Running binaries without FHS and patchELF


#1

First, join the dark side by adding these lines to your configuration.nix:

  environment.extraInit = with pkgs; let loader = "ld-linux-x86-64.so.2"; in ''
    export LD_LIBRARY_PATH="$LD_LIBRARY_PATH:/run/current-system/sw/lib"
    ln -fs ${pkgs.glibc}/lib/${loader} /lib/${loader}
  '';

This will link the the loader into /lib/ld-linux-x86-64.so.2. With the power it gives you no longer need FHS or patchELF to run a binary.

Though you still need to set the environment. So create a nix file with something like this:

with import <nixpkgs> {};

stdenv.mkDerivation rec {
  name = "<env-name>";

  nativeBuildInputs = [
    pulseaudio freetype xorg.libX11
    xorg.libXcomposite xorg.libXcursor xorg.libXdamage
    xorg.libXext xorg.libXfixes xorg.libXi xorg.libXrandr xorg.libXrender
    xorg.libXtst xorg.libxcb xorg.xcbutilkeysyms xorg.libXxf86vm libglvnd
  ];

  LD_LIBRARY_PATH = builtins.foldl'
    (a: b: "${a}:${b}/lib") "/run/opengl-driver/lib" nativeBuildInputs;
}

Run the file with nix-shell and you’ll get into a shell where you can just run the binary.

You can run the binary instead of entering into the shell by adding shellHook = <command> into the nix file. And you can move the nix file into $HOME/.local/nix-shell/, create $HOME/.local/bin/<name> with exec nix-shell $HOME/.local/nix-shell/<filename>.nix in it, add $HOME/.local/bin/ to the $PATH and voilà.


#2

This might cause problems when incompatible libraries are added to the library path.


#3

But libraries from nativeBuildInputs are not really incompatible? And AFAIK these libraries load other libraries using absolute paths.


#4

I mean that the rpath of an executable will have a lower priority then LD_LIBRARY_PATH, which might be a problem if you try to run an executable that is linked against an older library, because LD_LIBRARY_PATH would force the newer version.


#5

http://man7.org/linux/man-pages/man8/ld.so.8.html

If a shared object dependency does not contain a slash, then it is
searched for in the following order:

  • Using the directories specified in the DT_RPATH dynamic section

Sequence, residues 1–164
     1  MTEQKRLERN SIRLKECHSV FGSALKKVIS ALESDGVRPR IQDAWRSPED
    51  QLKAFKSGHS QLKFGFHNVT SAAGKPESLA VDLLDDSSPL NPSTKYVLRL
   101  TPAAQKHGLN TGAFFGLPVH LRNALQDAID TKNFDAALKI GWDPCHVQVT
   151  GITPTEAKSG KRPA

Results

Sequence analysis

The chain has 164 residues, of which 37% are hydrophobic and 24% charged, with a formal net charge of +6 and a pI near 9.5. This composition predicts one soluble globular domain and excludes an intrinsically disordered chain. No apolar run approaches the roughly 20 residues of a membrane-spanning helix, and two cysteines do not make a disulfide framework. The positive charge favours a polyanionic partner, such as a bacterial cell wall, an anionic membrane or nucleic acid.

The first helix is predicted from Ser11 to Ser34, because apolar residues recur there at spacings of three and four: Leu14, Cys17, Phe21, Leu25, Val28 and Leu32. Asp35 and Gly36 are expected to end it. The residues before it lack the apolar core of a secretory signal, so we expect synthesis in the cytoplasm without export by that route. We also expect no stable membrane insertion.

attribute of the binary if present and DT_RUNPATH attribute does
    not exist. Use of DT_RPATH is deprecated.
  • Using the environment variable LD_LIBRARY_PATH, unless the
    executable is being run in secure-execution mode (see below), in
    which case this variable is ignored.
  • Using the directories specified in the DT_RUNPATH dynamic section
    attribute of the binary if present. Such directories are searched
    only to find those objects required by DT_NEEDED (direct
    dependencies) entries and do not apply to those objects’ children,
    which must themselves have their own DT_RUNPATH entries. This is
    unlike DT_RPATH, which is applied to searches for all children in
    the dependency tree.
  • From the cache file /etc/ld.so.cache, which contains a compiled
    list of candidate shared objects previously found in the augmented
    library path. If, however, the binary was linked with the -z
    nodeflib linker option, shared objects in the default paths are
    skipped. Shared objects installed in hardware capability
    directories (see below) are preferred to other shared objects.
  • In the default path /lib, and then /usr/lib. (On some 64-bit
    architectures, the default paths for 64-bit shared objects are
    /lib64, and then /usr/lib64.) If the binary was linked with the
    -z nodeflib linker option, this step is skipped.

So if nix indeed sets RPATH instead of RUNPATH, everything should be fine.

UPDATE:

This is unlike DT_RPATH, which is applied to searches for all children in the dependency tree.

Oh. So nix indeed should set RUNPATH. All right, there’s indeed a problem with using LD_LIBRARY_PATH.